I'm moving away, here's my two cents

Rust is a great language but I think it has problems. Those problems come from the the time Rust was being developed by Mozilla and more problems were created after it became a community project. This post is a critique to Rust language to help you guys to improve it.

I started using it because I thought it would be a replacement for C because it has no garbage collection and zero-cost abstractions.

What made you quit?

What made me fed up was that I was getting SIGTRAP when I was trying to make a program that supports plugins. If it was SIGSEGV I would know that a statement is corrupting memory but SIGTRAP terminates the program and leaves me with no clue. No message is printed. I know exactly which statement causes the problem. I was trying to copy a struct into another struct. Copying primitives works fine. To be honest I couldn’t even setup gdb to show the source code, I know it is possible though. I don’t have to do any setup when I’m programming in C. I just run gdb and the source code is there.

FFI

Rust seriously does not support interfacing with other libraries. People write entire libraries just to call code from another C libraries. If I’m calling code using the C export interface, I know it is unsafe. No need for wraping. Furthermore, it is C code. Why do you guys depend on C? Call functions using the int instruction in assembly source code.

The language

The syntax has too many tokens. It makes programming unpleasant. A good example of a language with perfect shape is the Go language, very clean. struct fields end in coma, trait fields end in semicolon and statements end in semicolon too. Why not make everything a semicolon? What is the -> for before the return type? Why the semicolons after the identifiers in struct declarations? Rust does not support anonymous structs and they have to be always declared outside of the functions. But functions can be declared inside other functions, what an irony. Closures are something that I never needed. Entirely superfluous. Tuples are completely unnecessary. They are like anonymous structs with anonymous fields. When declaring a new struct instance, the fact that the field name have to be always used is a pain to the programmer. It should be optional as in C.

Packages

There is a lack of interface standardization for packages. Something like RFCs (Request for Comments) and packages that provide just the interfaces for specific applications. For example one interface for each type of database (table, kv, document). The Go language provides a common interface for SQL databases. This makes cargo.io bloated with packages that do the very same thing with different interfaces, work is doubled and human time is wasted. When I visit it I simply have to spend hours to analyze which package does it better and which has the better interface for my program.

There is a lack of modularization. Most libraries I used in Rust depend on many other libraries. It is a design failure. Libraries should have no or very few dependencies and the host program makes them interact.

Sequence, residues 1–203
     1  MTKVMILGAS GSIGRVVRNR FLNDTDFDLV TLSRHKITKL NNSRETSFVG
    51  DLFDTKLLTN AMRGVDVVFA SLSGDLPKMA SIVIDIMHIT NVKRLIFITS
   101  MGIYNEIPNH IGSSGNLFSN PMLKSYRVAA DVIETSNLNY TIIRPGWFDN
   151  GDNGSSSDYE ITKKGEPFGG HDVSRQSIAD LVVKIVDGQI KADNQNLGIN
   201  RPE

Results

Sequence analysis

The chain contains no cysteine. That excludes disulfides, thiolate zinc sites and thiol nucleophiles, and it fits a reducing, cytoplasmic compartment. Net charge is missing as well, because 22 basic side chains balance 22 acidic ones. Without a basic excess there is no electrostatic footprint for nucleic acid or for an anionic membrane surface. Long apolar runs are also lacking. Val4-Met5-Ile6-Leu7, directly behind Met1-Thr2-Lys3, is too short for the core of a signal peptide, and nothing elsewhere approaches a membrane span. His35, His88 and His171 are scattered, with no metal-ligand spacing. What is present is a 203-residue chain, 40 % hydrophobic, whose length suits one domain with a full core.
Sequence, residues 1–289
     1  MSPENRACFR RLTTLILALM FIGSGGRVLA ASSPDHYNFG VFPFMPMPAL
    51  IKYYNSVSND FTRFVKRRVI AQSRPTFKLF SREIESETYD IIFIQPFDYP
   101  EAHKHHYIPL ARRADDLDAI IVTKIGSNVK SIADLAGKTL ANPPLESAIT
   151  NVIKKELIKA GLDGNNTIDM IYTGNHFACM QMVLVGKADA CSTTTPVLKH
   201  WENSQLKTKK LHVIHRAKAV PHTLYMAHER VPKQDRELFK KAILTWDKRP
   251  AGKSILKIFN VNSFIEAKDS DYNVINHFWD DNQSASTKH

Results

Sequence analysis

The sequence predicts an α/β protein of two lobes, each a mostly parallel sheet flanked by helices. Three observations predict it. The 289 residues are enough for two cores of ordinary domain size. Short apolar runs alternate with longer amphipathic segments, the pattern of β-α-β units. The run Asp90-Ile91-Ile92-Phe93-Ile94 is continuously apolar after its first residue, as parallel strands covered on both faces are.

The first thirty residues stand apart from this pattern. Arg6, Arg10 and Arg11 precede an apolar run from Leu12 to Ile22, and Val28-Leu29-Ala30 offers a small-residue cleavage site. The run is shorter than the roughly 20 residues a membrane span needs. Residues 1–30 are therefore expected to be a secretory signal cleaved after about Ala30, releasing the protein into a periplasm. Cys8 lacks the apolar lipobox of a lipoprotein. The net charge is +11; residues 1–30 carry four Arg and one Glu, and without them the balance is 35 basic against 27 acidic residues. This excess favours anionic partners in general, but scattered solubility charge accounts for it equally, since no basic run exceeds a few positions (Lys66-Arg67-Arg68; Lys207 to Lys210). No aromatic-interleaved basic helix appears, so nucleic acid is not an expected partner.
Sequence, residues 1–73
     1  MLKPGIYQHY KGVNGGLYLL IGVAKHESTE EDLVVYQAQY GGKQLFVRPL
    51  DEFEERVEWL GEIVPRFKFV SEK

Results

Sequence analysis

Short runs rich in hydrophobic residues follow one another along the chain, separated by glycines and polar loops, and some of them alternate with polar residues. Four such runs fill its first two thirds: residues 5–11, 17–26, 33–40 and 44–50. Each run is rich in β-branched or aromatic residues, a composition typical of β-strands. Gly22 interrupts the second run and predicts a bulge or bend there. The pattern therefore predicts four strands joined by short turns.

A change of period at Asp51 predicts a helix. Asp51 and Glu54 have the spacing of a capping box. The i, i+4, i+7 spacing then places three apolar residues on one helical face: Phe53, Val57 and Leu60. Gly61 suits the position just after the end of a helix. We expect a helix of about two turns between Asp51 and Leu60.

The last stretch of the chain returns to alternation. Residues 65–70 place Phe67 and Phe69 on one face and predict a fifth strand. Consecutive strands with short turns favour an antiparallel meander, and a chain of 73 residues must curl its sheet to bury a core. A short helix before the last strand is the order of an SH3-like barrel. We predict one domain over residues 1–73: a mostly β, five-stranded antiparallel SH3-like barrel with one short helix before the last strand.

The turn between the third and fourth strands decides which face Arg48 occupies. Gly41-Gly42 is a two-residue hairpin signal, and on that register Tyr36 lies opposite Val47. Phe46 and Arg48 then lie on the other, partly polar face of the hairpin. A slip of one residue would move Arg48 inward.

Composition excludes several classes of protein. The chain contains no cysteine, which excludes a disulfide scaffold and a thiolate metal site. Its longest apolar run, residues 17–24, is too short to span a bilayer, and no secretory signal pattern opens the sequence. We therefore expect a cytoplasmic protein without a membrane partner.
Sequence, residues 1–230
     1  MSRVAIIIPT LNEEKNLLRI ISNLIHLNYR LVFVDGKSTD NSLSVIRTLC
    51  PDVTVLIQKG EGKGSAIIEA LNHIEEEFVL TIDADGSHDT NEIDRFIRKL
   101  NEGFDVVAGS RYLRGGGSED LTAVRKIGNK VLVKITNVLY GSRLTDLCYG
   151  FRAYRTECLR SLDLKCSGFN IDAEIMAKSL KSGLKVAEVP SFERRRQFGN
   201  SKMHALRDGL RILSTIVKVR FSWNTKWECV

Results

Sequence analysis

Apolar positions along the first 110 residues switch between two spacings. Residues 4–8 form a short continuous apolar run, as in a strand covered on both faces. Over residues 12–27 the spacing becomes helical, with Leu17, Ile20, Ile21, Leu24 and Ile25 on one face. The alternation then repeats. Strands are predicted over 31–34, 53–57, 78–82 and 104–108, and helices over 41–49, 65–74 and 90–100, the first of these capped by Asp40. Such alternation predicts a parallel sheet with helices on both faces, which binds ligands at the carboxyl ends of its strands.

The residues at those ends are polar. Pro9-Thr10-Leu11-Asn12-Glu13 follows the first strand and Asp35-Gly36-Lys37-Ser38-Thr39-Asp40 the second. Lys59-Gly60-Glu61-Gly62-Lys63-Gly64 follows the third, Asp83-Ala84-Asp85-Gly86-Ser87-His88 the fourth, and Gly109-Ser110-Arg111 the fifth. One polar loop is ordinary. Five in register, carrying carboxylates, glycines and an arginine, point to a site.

Why people keep using names related to metals for the packages? Rust is a family of fungi. If people used names related to biology it would make more sense. Something like “microscope”, or “test tube”, or even “bacteria” or “lion”.

Build environment

No one talks about out of tree builds. It is essential for making backups of the development environment. It is even worse than it sounds. Each package builds its dependencies on the target directory so every time I make a backup of multiple projects, the dependencies get compressed not just once but multiple times, once per project. The solution is to clean each project one by one.

Cargo is just yet another package manager and the sources are centralized by default. Why crates.io by default and not github or any other website? Why not use the debian repository and make deb packages if it is not pushed in time to sid. Or maybe produce multiple packages in different formats if you don’t use debian. I can setup my /etc/apt/sources.list to point to tor://vwakviie2ienjx6t.onion/debian/. The fact that crates.io is the default makes Rust less resilient and vulnerable to censorship and surveillance.

The compiler

Too many warnings. It looks like running gcc with -Wall. That’s some flag that I would use after finishing the project. Things like unused variables, unused imports are just things that I don’t want to know when a program is under heavy development. The compiler outputs warning that do not affect the behaviour of the binary like braces around if expression, camel case for struct names and so on. Coding standard should be optional.

The compiler errors are cryptic and contains language not present in the book. For example: error: the trait bound std::io::Read + 'static: std::marker::Sized is not satisfied This could be translated to "you are trying to use a trait instead of a struct. Traits do not have a size in memory." Or this example: error: the trait bound T: std::io::Read is not satisfied [E0277] The generic T does not declare the trait std::io::Read. The terminal is bloated by note messages by default, no option to activate it if I really need more info.

The compiler embeds help messages with rustc --explain instead of putting them in man pages or maybe just copy pasting the error code on a web page.

The documentation